Cost talks on cystic fibrosis pill are taking too long
When discussing your life with friends, the term “cost-effective” is unlikely to come up. The idea a financial payment dictates whether you live or die seems extreme.
Death happens to everyone, of course. For those with cystic fibrosis it happens at a much younger age after a long battle where most are mindful daily of “cost-effectiveness”.
There is the daily transactional exchange of treatment, physiotherapy and medications that in turn allows for truly incredible moments of happiness at just plain being alive with wonderful family and friends. That’s not negativity, that’s reality.
Now there is a real possibility of altering the need for such daily transactions through the presence of a little blue pill that is reversing the damage caused by the illness in some people, and possibly, in the future, eradicating the need for some of these treatments. Kalydeco has taken some people with CF off transplant lists. Right now, for those people, this means beating death.
The right to access to Kalydeco is being assessed as cost negotiations trundle on after the National Centre for Pharmacoeconomics last week decided the drug was not value for money at an estimated cost of €234,000 a year per patient.
The word “transaction” is of course contentious. But language around this issue has been jarring since the debate began.
Terms such as “cost- effective” and “game changer” – as the drug has been described – are detached from the true infusion of humanity this situation should bring. Of course we cannot pay for Kalydeco at the price being asked; it must be reduced as in England and the US.
The irony is that if you got a group of people with CF together they would probably tell you pretty quickly that money meant very little to them. Fighting most days to stay alive puts all that other stuff into perspective.
They would probably tell you the words “cost-effective” and “game changer” made them nauseous but that they understood, like so many in this country, the economic reality.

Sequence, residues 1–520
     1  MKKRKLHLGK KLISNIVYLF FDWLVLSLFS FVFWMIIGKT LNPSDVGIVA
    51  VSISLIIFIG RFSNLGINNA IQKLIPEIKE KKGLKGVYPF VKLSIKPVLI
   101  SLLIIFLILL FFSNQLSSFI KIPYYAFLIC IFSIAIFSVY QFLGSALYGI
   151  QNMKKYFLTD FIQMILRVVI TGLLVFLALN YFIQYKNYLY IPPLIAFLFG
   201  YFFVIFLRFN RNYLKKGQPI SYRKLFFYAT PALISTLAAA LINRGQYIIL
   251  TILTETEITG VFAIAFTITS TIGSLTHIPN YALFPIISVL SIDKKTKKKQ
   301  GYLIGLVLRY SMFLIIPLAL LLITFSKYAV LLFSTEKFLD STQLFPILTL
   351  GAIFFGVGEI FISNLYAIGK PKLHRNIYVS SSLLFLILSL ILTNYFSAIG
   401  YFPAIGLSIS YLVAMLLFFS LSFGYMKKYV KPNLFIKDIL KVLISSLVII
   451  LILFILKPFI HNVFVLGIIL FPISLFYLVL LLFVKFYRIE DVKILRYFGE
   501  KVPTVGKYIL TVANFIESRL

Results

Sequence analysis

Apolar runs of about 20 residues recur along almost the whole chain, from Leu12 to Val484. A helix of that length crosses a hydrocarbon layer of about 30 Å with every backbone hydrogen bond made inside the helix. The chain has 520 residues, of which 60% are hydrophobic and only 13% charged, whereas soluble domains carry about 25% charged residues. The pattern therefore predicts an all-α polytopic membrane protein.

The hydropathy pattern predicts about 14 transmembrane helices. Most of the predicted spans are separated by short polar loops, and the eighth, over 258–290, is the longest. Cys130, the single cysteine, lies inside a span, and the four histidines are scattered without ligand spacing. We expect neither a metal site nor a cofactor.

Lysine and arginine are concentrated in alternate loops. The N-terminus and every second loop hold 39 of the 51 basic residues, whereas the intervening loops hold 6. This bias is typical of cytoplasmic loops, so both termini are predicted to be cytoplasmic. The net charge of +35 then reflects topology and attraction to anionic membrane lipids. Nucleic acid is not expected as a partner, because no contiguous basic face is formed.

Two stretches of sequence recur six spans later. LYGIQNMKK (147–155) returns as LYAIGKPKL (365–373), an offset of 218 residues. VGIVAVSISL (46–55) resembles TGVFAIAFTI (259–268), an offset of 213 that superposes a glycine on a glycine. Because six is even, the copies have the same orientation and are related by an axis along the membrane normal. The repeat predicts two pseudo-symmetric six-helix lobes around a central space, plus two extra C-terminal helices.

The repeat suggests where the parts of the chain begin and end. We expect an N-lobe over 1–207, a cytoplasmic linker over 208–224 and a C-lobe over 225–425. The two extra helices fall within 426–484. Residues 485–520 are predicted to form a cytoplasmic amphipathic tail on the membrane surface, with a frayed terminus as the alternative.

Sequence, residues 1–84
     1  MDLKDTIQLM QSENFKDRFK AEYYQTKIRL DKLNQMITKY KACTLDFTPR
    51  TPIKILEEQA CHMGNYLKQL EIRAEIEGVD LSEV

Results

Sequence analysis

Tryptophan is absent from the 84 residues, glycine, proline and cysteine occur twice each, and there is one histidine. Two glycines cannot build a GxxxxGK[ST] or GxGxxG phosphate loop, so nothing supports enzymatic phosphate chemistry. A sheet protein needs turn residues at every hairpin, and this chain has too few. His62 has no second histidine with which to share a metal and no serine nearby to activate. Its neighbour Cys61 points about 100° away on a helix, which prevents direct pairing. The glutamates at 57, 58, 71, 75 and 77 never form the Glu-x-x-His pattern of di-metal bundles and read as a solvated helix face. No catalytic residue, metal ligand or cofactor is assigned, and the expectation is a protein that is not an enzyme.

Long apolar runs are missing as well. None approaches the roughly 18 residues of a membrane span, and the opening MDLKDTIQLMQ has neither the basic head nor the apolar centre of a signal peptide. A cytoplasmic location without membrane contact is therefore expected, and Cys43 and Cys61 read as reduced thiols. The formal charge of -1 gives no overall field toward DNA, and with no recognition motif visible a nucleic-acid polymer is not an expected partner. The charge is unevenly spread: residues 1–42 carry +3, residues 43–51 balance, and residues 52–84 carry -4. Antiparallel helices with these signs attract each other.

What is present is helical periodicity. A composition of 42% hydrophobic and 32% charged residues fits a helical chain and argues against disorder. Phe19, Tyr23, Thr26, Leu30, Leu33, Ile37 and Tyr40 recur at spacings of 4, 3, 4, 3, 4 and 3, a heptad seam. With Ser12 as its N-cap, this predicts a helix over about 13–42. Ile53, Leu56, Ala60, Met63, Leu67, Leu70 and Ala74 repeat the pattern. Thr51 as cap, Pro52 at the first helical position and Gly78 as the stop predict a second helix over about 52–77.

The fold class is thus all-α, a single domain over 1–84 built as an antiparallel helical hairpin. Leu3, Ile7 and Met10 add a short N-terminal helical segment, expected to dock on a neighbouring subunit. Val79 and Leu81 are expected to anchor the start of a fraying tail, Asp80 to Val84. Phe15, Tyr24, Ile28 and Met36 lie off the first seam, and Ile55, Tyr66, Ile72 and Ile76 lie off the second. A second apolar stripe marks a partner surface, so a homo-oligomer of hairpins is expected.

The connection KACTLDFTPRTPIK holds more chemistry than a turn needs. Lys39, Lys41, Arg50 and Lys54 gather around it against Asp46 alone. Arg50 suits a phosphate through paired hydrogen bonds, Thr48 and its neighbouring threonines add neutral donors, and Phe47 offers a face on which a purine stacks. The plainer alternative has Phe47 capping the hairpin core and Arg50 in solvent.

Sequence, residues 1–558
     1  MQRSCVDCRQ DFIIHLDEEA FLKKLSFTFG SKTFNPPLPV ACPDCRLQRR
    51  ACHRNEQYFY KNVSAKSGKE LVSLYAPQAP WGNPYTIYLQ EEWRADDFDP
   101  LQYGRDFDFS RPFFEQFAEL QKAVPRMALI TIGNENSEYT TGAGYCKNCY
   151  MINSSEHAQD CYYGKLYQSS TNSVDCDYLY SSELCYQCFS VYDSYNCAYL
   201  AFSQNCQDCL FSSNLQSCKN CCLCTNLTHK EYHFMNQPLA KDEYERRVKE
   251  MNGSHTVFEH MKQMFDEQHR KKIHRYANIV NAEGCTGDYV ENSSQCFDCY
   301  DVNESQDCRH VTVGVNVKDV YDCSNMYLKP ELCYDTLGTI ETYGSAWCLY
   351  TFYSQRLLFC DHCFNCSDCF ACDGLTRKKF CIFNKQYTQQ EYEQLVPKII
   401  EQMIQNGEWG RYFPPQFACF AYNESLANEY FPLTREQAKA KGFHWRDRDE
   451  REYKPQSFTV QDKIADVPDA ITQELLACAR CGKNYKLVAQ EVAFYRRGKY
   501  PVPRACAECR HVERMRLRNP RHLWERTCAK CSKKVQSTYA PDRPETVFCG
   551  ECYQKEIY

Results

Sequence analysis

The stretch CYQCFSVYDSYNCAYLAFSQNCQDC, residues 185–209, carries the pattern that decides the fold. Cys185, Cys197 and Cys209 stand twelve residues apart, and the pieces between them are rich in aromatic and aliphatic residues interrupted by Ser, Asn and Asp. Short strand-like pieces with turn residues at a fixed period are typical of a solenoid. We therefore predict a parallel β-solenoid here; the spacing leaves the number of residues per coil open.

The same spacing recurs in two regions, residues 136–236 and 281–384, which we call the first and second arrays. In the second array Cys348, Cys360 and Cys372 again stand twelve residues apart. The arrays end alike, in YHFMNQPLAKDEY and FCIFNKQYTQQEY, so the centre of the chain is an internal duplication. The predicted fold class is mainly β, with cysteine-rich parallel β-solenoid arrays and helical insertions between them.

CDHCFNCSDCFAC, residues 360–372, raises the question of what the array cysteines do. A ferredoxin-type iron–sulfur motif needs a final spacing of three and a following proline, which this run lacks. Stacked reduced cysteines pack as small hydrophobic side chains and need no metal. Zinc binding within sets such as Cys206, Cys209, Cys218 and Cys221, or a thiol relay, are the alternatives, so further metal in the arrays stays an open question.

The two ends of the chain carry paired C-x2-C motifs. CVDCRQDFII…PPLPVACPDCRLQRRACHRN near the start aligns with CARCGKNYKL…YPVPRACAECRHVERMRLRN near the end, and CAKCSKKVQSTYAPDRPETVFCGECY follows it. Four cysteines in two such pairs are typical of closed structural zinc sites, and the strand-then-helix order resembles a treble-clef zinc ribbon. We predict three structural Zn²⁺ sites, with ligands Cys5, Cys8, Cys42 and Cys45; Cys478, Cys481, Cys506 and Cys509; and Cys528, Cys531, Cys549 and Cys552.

Minister for Health James Reilly said last week that six to eight weeks are needed for negotiations. Another time frame cited was March or May. The drug has been assessed for months already. The parties involved are not heartless or clueless, and have been meeting weekly. Geography cannot be an issue in a time where facilities such as Skype are available. It should not take this long.
In 2009 a 35-year-old woman with CF, who does not wish to be named, started on Kalydeco. For the first five months she did not require hospitalisation or intravenous antibiotics. Her weight increased and she was able to exercise more frequently. She was taken off the drug and began needing intravenous antibiotic treatment again, never less than three weeks at a time.
In January 2012 she was placed back on the drug under compassionate use. In the year since, she has needed only one two-week intravenous antibiotics course at home.
The drug has created several first-time miracle moments for her. This is the first time in nine years she did not exceed her allocated paid sick leave at work. When she recently caught a cold, for the first time since her teenage years she did not require at least two weeks of intravenous antibiotic treatment.
For the first time in adulthood, this woman finds herself celebrating her ability to excel in her chosen field without constantly being knocked back. And there are little things. On trips to the cinema she realises she is no longer coughing and eliciting grumpy looks from fellow cinemagoers. In fact she is breathing relatively normally.
All of this, to any human being, is priceless.
* Orla Tinsley is a freelance journalist and campaigner for better cystic fibrosis treatment and care facilities